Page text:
Permanent link to this article: http://geo.coop/node/442
By Esther West, Equal Exchange
(Editor's Note: Equal Exchange, a worker-owned co-operative begun in 1986, partners with small-scale farmer co-operatives around the world to bring U.S. consumers fairly traded coffee, tea, chocolate, and other products. Based in West Bridgewater, MA with over 100 employees, it is one of the country's oldest and most successful worker-owned co-operatives. Its mission-focused business model is built on fairness, democratic structure, and stronger relationships between farmers and consumers.)
At Equal Exchange, the Education Committee is the frontline for creating well-educated owners of our worker-owned co-operative. With co-op education, workers know why investing and participating means creating a stronger co-op where we strive to make our democratic ideals a reality, as well as how to strengthen and grow our co-op as a business. The Education Committee works to put people on the worker-owner track. Connections are made about what we learn and how to contribute as a worker-owner.
- worker-owner orientations for people on worker-owner track;
- hour-long Exchange Times every Thursday that address various co-op, Fair Trade, social justice, or other issues;
- a curriculum that people on worker-owner track complete their first year (currently being updated);
- a comprehensive Worker-Owner Manual that includes a "Rights and Responsibilities" document worker-owners sign as testament to their investment in the co-op;
- a library with many books, DVDs, and magazines on many topics relating to work, Fair Trade, movements, and more. Staff regularly request materials that we order;
- a Mentor-Buddy system where workers in their first year are paired up with a worker-owner outside their department to learn how to be responsible owners;
- financial trainings to facilitate the creation of well-educated business owners of a co-operative;
- a document describing ways people can get involved at Equal Exchange.
The Education Committee also works to make co-op principles meaningful by analyzing and addressing where any disconnects might lay between our ideals and actual practice.
For example, since the worker-owner track curriculum was not as up-to-date and useful as it could be, people were not using it much, so we have been evaluating and updating it. During a worker-owner meeting, staff formed small groups to evaluate the curriculum and give feedback on whether it meets the diverse learning styles and experience levels, which we have been incorporating as we update it.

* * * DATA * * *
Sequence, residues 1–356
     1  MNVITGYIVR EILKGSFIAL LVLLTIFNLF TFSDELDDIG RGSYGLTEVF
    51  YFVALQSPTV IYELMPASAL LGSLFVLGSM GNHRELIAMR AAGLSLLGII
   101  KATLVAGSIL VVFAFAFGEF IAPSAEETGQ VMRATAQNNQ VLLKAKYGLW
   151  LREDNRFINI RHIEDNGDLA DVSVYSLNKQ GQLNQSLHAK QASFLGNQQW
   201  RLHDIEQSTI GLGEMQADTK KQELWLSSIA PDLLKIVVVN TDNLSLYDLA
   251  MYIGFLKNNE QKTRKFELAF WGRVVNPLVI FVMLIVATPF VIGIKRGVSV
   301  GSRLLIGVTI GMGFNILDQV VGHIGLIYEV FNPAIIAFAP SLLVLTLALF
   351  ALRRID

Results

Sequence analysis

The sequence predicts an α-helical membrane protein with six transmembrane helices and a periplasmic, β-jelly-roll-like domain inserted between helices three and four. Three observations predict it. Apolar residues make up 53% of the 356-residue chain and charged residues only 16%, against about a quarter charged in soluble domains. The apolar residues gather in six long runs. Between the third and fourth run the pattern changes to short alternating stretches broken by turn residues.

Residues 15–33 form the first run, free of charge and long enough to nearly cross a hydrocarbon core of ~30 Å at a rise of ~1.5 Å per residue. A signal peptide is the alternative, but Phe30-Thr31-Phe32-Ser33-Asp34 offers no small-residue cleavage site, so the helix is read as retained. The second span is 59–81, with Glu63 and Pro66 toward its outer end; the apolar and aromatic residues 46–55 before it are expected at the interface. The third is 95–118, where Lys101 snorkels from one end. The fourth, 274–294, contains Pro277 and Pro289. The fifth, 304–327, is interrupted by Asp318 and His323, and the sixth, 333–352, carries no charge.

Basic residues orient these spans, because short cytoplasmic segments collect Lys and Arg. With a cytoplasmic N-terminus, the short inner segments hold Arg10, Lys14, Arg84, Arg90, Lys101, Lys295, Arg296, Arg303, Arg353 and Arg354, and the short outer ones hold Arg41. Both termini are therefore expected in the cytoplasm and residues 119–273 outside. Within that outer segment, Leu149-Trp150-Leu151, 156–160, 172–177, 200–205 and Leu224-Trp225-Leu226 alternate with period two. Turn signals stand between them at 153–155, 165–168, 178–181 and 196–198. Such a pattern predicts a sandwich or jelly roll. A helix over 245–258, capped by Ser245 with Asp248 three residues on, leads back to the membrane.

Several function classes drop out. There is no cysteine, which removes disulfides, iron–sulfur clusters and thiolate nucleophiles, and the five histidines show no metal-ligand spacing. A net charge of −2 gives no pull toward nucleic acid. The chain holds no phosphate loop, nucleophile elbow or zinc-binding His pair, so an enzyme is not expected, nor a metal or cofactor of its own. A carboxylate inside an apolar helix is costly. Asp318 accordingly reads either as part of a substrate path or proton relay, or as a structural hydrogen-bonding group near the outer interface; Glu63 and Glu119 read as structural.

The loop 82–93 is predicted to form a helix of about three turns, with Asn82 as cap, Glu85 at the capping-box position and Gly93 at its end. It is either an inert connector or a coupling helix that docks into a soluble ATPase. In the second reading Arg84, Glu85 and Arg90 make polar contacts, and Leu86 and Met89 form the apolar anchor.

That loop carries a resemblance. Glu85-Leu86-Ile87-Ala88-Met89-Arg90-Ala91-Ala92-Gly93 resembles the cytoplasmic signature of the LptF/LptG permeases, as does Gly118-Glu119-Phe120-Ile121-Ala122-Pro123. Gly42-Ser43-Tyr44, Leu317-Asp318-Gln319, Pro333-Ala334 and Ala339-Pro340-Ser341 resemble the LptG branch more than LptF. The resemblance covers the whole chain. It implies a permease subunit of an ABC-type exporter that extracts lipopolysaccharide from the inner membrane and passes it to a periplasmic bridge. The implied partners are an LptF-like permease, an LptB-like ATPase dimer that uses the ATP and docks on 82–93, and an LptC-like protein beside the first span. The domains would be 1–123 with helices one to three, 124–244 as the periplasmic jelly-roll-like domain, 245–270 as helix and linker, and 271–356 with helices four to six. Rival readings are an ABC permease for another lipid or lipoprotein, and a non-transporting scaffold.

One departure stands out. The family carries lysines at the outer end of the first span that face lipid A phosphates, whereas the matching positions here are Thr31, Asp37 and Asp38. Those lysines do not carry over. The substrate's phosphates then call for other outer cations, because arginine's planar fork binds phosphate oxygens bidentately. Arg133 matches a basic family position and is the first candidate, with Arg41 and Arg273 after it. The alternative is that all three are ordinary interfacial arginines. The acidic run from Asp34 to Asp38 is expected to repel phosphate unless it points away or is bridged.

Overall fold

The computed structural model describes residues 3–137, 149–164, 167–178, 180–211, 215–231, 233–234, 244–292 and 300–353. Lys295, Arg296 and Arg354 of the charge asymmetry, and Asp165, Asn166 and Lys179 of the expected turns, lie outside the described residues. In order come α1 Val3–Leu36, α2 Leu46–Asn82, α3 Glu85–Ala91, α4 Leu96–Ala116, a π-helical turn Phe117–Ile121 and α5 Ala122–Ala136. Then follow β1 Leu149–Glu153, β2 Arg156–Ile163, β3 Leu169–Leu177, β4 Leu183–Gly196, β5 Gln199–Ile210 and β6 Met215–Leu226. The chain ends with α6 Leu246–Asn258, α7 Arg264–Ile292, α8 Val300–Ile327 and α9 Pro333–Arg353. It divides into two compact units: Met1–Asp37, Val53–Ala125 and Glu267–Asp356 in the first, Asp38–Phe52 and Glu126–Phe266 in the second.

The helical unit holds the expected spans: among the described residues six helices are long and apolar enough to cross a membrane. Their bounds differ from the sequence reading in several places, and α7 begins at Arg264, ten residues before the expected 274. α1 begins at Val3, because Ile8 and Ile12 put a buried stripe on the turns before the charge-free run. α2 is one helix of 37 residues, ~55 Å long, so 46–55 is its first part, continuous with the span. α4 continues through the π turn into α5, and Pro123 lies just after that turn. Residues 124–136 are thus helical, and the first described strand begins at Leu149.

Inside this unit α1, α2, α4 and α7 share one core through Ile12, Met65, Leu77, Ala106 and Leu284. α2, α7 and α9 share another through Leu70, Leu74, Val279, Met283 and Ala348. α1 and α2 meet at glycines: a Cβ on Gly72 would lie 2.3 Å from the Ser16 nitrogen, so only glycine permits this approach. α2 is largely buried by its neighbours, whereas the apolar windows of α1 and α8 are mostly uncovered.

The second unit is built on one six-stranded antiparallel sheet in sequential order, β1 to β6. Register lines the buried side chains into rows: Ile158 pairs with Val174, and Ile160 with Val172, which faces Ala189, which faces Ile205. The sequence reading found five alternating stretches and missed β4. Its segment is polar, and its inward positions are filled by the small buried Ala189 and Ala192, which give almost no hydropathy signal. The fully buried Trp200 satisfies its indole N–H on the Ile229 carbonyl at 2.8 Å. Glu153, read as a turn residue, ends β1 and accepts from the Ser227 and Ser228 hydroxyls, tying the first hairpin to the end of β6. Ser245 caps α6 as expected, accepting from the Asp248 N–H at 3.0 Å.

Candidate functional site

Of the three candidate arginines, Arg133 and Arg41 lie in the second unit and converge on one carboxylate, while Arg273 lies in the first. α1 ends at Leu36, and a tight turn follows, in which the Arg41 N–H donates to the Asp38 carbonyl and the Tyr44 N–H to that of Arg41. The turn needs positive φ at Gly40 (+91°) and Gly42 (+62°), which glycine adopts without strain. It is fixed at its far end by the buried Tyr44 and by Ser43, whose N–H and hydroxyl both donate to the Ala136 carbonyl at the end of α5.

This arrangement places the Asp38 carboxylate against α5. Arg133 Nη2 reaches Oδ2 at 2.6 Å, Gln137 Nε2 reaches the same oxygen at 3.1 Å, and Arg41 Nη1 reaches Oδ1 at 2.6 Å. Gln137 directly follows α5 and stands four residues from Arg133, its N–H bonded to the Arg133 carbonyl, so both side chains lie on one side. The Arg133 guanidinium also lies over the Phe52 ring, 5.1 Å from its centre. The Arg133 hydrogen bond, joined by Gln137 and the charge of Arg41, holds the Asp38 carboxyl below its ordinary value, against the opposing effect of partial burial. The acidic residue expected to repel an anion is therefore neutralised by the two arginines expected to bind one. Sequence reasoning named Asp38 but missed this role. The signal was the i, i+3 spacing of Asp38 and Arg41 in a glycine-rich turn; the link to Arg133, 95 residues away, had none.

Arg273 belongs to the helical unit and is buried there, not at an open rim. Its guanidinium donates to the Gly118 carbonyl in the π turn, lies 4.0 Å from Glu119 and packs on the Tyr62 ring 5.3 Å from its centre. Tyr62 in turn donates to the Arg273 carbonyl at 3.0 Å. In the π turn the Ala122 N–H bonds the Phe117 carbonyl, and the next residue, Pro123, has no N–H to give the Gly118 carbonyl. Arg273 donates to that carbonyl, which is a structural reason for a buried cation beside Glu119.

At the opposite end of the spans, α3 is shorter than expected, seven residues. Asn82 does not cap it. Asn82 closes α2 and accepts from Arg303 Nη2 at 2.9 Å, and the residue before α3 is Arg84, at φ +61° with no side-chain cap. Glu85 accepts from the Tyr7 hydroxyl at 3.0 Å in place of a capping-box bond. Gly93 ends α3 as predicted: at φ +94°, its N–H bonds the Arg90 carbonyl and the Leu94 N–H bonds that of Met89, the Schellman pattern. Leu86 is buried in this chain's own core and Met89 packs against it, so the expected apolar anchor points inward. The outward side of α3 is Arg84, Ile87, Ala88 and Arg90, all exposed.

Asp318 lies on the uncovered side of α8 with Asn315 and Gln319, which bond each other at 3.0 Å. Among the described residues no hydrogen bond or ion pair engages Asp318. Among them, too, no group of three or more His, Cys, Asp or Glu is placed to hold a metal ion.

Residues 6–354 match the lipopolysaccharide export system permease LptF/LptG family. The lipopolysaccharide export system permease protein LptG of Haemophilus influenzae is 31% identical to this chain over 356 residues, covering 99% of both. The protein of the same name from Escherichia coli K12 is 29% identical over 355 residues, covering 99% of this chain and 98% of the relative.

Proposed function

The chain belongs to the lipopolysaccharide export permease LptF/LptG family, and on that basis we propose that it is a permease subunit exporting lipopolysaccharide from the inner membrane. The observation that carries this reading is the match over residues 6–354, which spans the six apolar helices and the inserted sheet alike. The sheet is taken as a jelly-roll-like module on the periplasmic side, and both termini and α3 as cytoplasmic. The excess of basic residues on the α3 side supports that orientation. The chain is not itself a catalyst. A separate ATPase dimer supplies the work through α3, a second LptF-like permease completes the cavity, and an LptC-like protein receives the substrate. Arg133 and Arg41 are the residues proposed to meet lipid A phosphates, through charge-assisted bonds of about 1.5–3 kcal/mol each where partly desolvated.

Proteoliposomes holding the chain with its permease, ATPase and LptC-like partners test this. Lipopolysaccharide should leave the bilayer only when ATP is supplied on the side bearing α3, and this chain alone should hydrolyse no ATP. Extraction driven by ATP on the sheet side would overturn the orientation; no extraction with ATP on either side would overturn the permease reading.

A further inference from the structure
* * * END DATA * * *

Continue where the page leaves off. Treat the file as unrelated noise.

We are working on various ways to address areas where better communication is needed with staff who do not speak English fluently, as English is the most used language in documents and at work functions. We are instituting translated lunches to discuss where needs are and how to address them. Hopefully we will soon have personal and worker-owner manual documents translated so that people fully know their rights and have worker-owner information. We also are adding more language books to the library.
Recently we also have been reflecting on what it means to be a worker-owner in a worker-owned co-op and how to communicate that to each other and outside of Equal Exchange. Small groups were formed to develop thoughts and talking points, which are going to be visually represented in an artistic "Co-op Tree" in our main gathering space. We are taking these thoughts and reflections to help us explain our unique democratic structure to others not in Equal Exchange or worker co-operatives, and we plan for other actions to come out of these reflections.
Cultivating the democratic and educational components of Equal Exchange means our co-operative as a business becomes stronger and more sustainable. The Education Committee brings the co-op full circle, as we utilize people's participation to have these educational resources, which create better tools and co-op leaders, who then continue the cycle of co-op democratic and business development.
Esther West co-chairs Equal Exchange's Education Committee, which has existed since 1997. She is an Interfaith Program representative and worker-owner, and also is lead co-facilitator of the Coordinating Committee of the Eastern Conference for Workplace Democracy. She can be reached at firstname.lastname@example.org.
Group photo courtesy of Equal Exchange. Manual photo courtesy of Ajowa Ifateyo.
When citing this article, please use the following format: Esther West (2010). Worker Education at Equal Exchange, Grassroots Economic Organizing (GEO) Newsletter, Volume II, Issue 5, http://www.geo.coop/node/442